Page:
Should I Sell My House Before Buying a New One?

So now that you’re aware of the roadblocks and how to buy a house before selling your current house, what do you need to consider? Here are the things you should look at when deciding if this is right for you.

Consider Your Situation

Buying a second house before selling can be tricky, but it’s worth it for some people. Do you have a lot of belongings or kids and pets who you can’t risk being homeless with because finding accommodation might be difficult? Then buying a house first may be the best idea.

It’s hard to say for sure what you should do because everyone’s situation is different, but as long as you’re honest with yourself and weigh everything up, you’ll make the right choice.

Get the Value of Your House

Before entering any selling process, you need to make sure you get your house appraised and get its right value. This will give you a much better idea of how your finances are going to look after the process.

You can also do a home inspection to get an idea of what you’ll need to repair. While home inspections often happen during the selling process, while a buyer is already invested, there’s nothing to stop you from getting one done beforehand.

This will limit the risk of surprises and get you prepared, so you aren’t stuck with your house longer than you had to be or paying for repairs way out of budget.

Check Out Your Debt-to-Income Ratio

Before even beginning the process, you can calculate your debt-to-income ratio online. Put in all the numbers and you should get a solid idea of where it’s at. 

For a home loan, 43% is the absolute highest it can be though lenders much prefer it to be less. If your debt-to-income ratio is higher, try paying off some loans and credit cards before you go ahead, as it might just bring that ratio down to the magic number.

Calculate Mortgage Payments

You should also do a rough calculation of your mortgage payments to make sure you’d be comfortable paying this for an indefinite period of time if your house didn’t sell.

You may not know exactly what the mortgage would be on the second house, but you can look at homes within your budget on sites like Zillow, which has a mortgage calculator. 

The Advantages of Buying First

The last thing you need to look at if you want to buy a house before selling yours is a list of the pros and cons of buying first. Weighing this up will help you make the right decision.

You Don’t Have to Worry About Showings

Showing your home when selling can be a real pain. You often have to get the pets secured away, get the kids out, and go for a walk — all the while keeping the house sparkling clean because a showing could happen at any moment.

That’s not the case when you’ve bought a house first. You can get your old house deep cleaned and move into the new one, leaving it constantly staged so people can come over whenever they want to view it. 

Make Repairs and Improvements

If you want to make repairs and improvements to your home, it’s much easier to do that while not living there. You can take all the time you want to remodel your home and make sure it’s perfect for anyone who might end up living there — which also ensures you get the highest offer possible and make the most profit.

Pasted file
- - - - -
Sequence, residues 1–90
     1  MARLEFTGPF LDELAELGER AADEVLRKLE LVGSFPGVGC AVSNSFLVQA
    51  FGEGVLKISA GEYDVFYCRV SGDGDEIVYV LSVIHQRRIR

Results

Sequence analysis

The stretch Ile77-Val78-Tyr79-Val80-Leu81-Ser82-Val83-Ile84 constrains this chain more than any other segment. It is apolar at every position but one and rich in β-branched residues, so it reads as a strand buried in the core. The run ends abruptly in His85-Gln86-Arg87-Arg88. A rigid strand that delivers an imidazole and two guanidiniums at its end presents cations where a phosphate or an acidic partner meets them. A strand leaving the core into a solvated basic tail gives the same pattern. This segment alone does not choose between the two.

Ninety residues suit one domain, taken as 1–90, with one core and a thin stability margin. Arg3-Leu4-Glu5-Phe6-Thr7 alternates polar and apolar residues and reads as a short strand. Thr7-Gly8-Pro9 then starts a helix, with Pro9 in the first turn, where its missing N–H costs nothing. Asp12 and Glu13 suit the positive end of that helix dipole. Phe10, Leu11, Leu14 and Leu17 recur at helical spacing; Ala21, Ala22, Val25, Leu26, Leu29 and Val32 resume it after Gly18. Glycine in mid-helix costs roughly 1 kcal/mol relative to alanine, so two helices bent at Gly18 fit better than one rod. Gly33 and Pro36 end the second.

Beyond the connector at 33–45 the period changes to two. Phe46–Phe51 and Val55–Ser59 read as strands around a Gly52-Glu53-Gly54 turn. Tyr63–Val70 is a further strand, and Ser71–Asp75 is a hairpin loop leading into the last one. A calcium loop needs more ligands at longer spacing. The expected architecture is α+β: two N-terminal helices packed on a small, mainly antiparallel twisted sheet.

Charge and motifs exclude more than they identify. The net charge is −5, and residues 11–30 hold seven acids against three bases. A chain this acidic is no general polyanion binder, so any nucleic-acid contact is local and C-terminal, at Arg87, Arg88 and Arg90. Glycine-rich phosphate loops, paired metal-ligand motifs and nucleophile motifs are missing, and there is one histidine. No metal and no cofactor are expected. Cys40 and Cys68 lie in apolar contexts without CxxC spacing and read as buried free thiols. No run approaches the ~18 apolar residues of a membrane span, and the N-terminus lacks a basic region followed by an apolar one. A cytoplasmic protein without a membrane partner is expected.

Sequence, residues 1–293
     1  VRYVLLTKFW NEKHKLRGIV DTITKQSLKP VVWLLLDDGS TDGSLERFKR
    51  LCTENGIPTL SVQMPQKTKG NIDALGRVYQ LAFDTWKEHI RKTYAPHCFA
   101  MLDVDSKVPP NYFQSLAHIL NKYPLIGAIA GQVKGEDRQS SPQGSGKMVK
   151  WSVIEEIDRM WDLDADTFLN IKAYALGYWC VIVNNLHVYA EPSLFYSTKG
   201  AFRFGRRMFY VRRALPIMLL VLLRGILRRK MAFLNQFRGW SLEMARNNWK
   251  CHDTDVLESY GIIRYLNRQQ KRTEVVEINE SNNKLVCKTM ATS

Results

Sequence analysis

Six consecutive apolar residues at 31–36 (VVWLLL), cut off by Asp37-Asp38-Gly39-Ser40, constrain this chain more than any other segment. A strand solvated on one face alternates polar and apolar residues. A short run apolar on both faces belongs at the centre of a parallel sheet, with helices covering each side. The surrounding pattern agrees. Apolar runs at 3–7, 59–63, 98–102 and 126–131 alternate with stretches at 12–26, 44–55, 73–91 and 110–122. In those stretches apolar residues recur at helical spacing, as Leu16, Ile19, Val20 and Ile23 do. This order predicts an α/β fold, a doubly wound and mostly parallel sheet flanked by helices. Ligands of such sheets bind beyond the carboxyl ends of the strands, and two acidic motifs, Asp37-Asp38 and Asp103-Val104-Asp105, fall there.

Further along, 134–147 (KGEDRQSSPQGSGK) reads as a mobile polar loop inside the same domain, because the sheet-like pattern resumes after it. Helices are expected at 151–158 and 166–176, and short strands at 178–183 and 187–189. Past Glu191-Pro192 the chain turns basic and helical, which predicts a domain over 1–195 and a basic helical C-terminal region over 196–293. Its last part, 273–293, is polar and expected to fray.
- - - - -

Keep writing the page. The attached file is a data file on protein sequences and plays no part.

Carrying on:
You Won’t Be Homeless

Selling a house before buying can often leave you needing somewhere to go in the interim. This might mean staying at paid accommodation or with friends or family while putting your stuff in a storage unit.

If you buy a house first, you don’t need to worry about that for the same reason. 

More Choice With Offers

People who are in a hurry to move out of their current home so they can start looking for a new one might take some lowball offers. If you can afford to pay two mortgages and exist in your new home, you won’t be tempted to do that.

The Disadvantages of Buying First

As with anything, there are some disadvantages to buying a home first. Here’s what to bear in mind.

It’s Stressful

The truth is, although the payoff is great in the end, it’s initially very stressful. You’re buying a home while preparing yours to sell and may be going through a lot of extra processes like 401(k) loans to ensure you have the money to pay for everything.

You’re Much More Likely to Hit a Snag

If you buy a home first, the average person is much more likely to find that the process falls through. Either they can’t find a home within their limited budget, they get rejected for a loan, or their debt-to-income ratio simply isn’t good enough.

You Have No Idea How Long You’ll Be Paying Two Mortgages

If you still have a mortgage on your current home, you’re stuck paying it until your old house sells. Although in a seller’s market that won’t be long and you can predict a rough idea of what’s likely to happen, absolutely nothing is guaranteed. 

You need to be prepared to pay two mortgages for quite a while, and mortgages don’t tend to be cheap.

Make the Best Call for You

At the end of the day, you need to make the best call for you. Buying a house before selling can be extremely stressful if you’re left waiting for someone to purchase yours, but it can also be the best call for a lot of people. This is particularly true if you have a solid selling plan in place and aren’t worried about this.

For instant offers on your home, check out our site today. We can connect you with buyers who are looking to make a quick offer on your house so you won’t be stuck paying that second mortgage forever.